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Electric Cars Are Cheaper to Run Than Gas Vehicles, Study Says
by: admin | 05 January , 2018
Dennis Romero / LA WEEKLY/ Nov 29, 2017
Running an electric vehicle on Los Angeles Department of Water and Power juice is cheaper on average than fueling up an old-school gas ride, a new analysis from the Union of Concerned Scientists concludes.
That conclusion was unveiled ahead of Friday's public opening of the L.A. Auto Show downtown. Report co-author David Reichmuth says the savings were calculated through the end of October — before the state's new, 12-cent gas tax went into effect Nov. 1 — meaning that the savings for electric car owners probably are even greater.
The union's report, titled "Going From Pump to Plug," found that plugging into DWP electricity will save drivers an average of $571 a year compared with gassing up at the pump for a traditional fuel vehicle. EV motorists living in areas served by Southern California Edison and San Diego Gas & Electric would save even more: $884 and $571, respectively, according to the analysis.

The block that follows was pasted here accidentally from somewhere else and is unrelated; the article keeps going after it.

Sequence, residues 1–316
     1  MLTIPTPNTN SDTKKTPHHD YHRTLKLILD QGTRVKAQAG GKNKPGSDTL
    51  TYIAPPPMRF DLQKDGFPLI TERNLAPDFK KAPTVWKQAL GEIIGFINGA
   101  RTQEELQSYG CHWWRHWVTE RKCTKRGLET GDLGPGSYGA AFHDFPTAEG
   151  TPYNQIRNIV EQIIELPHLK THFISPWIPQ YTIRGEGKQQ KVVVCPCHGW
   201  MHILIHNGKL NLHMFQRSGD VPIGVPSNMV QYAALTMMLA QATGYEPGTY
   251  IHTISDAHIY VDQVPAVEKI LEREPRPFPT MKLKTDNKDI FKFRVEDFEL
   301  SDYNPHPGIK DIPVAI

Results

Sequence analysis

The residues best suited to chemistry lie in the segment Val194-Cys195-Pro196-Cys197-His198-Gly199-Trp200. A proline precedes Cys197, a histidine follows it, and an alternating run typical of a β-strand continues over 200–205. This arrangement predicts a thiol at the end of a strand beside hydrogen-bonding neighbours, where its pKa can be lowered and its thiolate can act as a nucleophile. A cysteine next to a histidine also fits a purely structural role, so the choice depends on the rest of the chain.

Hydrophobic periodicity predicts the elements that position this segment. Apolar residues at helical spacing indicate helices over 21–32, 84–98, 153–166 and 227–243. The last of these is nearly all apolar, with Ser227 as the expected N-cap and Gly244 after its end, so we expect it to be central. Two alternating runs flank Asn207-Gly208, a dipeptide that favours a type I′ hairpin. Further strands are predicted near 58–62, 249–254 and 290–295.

Overnight charges under special plans for EV plug-ins can cost as little as the equivalent of $1.78 per gallon in parts of Los Angeles, researchers found. The average price of a gallon of gas earlier this week was pegged at $3.22 for Los Angeles County, according to pump comparison site GasBuddy.com.
Electric vehicles are still relatively expensive to purchase, however, meaning those savings can be eaten up by the fashionable choices consumers make at the dealership. However, Reichmuth notes that EVs are getting less expensive — the Nissan Leaf is priced from about $30,680, less than the average car purchase price of $34,968 — and they can be cheaper to maintain.
Lease rates are relatively affordable — a Prius electric can be had for $259 per month with a sizable upfront payment — and California offers rebates of up to $2,500 for buyers and lessors.
California regulations mean more and more of our electric power is clean and renewable. "In California, the emissions for driving electric are equivalent to 95 miles per gallon in a gasoline car, and it's getting better," Reichmuth says.
"I think there are environmental benefits, but it's also about saving money on fuel, maintenance, time going to gas stations, getting oil changes," he says. "Ideally we want to pique people's interest and have people look at electric vehicles for their next car purchase."